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This article in SSSAJ

  1. Vol. 76 No. 5, p. 1798-1809
     
    Received: Feb 16, 2012
    Published: September 12, 2012


    * Corresponding author(s): kumar.278@osu.edu
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doi:10.2136/sssaj2012.0055

Long-Term No-Till Impacts on Organic Carbon and Properties of Two Contrasting Soils and Corn Yields in Ohio

  1. Sandeep Kumar *a,
  2. Atsunobu Kadonob,
  3. Rattan Lalc and
  4. Warren Dickd
  1. a Carbon Management and Sequestration Center School of Environment and Natural Resources Ohio State Univ. 2021 Coffey Road Columbus, OH 43210-1085
    b Tottori Univ. of Environmental Studies Tottori, 689-1111, Japan
    c Carbon Management and Sequestration Center School of Environment and Natural Resources Ohio State Univ. 2021 Coffey Road Columbus, OH 43210-1085
    d School of Environment and Natural Resources Ohio Agricultural Research and Development Center Ohio State Univ. 1680 Madison Avenue Wooster, OH 44691-4096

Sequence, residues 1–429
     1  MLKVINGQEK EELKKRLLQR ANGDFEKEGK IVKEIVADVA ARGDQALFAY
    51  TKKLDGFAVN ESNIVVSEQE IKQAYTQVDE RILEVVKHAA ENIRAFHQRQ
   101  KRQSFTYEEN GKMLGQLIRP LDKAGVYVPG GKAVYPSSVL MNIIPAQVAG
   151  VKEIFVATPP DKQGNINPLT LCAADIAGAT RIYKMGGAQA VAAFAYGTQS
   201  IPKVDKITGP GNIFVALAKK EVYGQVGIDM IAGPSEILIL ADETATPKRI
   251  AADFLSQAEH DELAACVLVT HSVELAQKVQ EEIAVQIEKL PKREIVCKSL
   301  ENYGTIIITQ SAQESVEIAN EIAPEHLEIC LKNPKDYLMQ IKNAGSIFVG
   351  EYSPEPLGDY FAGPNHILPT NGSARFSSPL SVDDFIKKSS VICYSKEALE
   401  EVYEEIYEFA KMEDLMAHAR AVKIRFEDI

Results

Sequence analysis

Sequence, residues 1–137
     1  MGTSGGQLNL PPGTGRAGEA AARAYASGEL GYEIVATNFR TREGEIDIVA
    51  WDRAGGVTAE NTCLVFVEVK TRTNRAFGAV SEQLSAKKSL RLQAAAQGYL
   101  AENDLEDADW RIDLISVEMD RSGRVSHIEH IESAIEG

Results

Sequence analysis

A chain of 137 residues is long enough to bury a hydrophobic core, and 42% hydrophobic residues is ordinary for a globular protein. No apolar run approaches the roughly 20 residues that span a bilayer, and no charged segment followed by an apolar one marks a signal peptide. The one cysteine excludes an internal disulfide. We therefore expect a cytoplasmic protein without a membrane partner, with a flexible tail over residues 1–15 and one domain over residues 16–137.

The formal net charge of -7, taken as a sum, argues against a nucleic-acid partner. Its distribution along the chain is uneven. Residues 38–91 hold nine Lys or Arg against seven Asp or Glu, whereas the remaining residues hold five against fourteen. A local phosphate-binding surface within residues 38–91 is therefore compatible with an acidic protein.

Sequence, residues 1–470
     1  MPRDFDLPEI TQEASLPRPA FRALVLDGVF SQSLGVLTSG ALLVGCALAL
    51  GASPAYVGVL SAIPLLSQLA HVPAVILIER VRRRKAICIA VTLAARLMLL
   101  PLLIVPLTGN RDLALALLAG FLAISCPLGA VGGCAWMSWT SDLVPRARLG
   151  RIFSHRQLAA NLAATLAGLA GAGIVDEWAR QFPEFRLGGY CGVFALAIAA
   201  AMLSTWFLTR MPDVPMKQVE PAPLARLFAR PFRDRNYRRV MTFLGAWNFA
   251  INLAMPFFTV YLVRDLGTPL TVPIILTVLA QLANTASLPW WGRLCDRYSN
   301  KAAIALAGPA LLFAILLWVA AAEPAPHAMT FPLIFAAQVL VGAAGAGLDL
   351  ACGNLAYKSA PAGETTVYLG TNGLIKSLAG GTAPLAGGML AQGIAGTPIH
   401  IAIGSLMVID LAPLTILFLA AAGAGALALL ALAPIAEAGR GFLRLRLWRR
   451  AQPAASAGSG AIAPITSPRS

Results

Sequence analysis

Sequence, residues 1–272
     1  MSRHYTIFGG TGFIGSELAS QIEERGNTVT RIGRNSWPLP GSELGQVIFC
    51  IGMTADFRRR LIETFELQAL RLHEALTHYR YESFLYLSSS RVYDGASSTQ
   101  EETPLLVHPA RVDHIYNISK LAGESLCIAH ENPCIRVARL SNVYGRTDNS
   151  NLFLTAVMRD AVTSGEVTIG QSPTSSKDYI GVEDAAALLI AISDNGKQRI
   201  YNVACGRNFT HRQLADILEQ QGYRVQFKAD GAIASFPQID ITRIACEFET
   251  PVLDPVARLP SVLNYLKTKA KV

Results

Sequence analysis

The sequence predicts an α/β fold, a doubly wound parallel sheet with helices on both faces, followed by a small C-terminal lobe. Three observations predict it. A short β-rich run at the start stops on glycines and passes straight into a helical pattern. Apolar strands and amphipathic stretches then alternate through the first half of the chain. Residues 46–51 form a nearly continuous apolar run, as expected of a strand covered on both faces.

Abstract

Tillage influence on soil properties and crop productivity depends on soil, crop, climate, and duration. Two long-term experimental sites with contrasting soils were selected to assess the influence of no-till (NT), minimum tillage (MT), and plow tillage (PT) under continuous corn (Zea mays L.) and corn–soybean [Glycine max (L.) Merr.] (CS) rotations on soil organic C (SOC) stock, bulk density (ρb), water-stable aggregation (WSA), aggregate tensile strength, penetration resistance, available water capacity (AWC), and corn yield. Experiments began in 1962 in northeast Ohio on a well-drained silt loam soil and in 1964 in northwest Ohio on a poorly drained clay loam soil. Results were compared with soil under an adjacent undisturbed woodlot (WL). The WL soils had the highest SOC content and stock. In the cultivated silt loam soil, stock was higher under NT (20.7 Mg ha−1) followed by MT (17.3 Mg ha−1) and PT (16.8 Mg ha−1) for the 0- to 10-cm depth. Soil ρb for this depth was lower under NT by 8 and 3% than PT and MT, respectively. The percentage of total WSA >2000 μm in soil under NT (47%) was significantly higher than under MT (38%) or PT (34%). A similar trend was observed for the clay loam soil. Rotation also influenced soil properties. Corn yields were higher (3 yr) and lower (1 yr) during 5 yr for the silt loam soil under PT than NT and unaffected or slightly higher under NT for the clay loam soil. Long-term (47–49 yr) use of NT practices are highly sustainable and result in higher SOC and WSA, lower ρb, and greater AWC content than MT or PT.

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Copyright © 2012. Copyright © by the Soil Science Society of America, Inc.